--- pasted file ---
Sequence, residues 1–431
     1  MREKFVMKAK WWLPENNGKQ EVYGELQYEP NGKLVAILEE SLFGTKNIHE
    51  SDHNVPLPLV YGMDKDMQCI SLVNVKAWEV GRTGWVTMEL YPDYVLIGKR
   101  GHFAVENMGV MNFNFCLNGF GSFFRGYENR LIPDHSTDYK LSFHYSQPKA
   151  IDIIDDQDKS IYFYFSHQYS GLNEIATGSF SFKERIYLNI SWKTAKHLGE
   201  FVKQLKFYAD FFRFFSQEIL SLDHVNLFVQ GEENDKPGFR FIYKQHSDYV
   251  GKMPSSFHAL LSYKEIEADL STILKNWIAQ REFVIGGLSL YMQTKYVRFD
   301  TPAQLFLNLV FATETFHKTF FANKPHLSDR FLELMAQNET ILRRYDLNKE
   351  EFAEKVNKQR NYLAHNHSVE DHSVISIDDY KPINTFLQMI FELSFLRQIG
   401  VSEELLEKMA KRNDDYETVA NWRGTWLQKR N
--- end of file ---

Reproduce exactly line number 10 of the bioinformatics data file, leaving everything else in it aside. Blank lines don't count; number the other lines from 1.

   401  VSEELLEKMA KRNDDYETVA NWRGTWLQKR N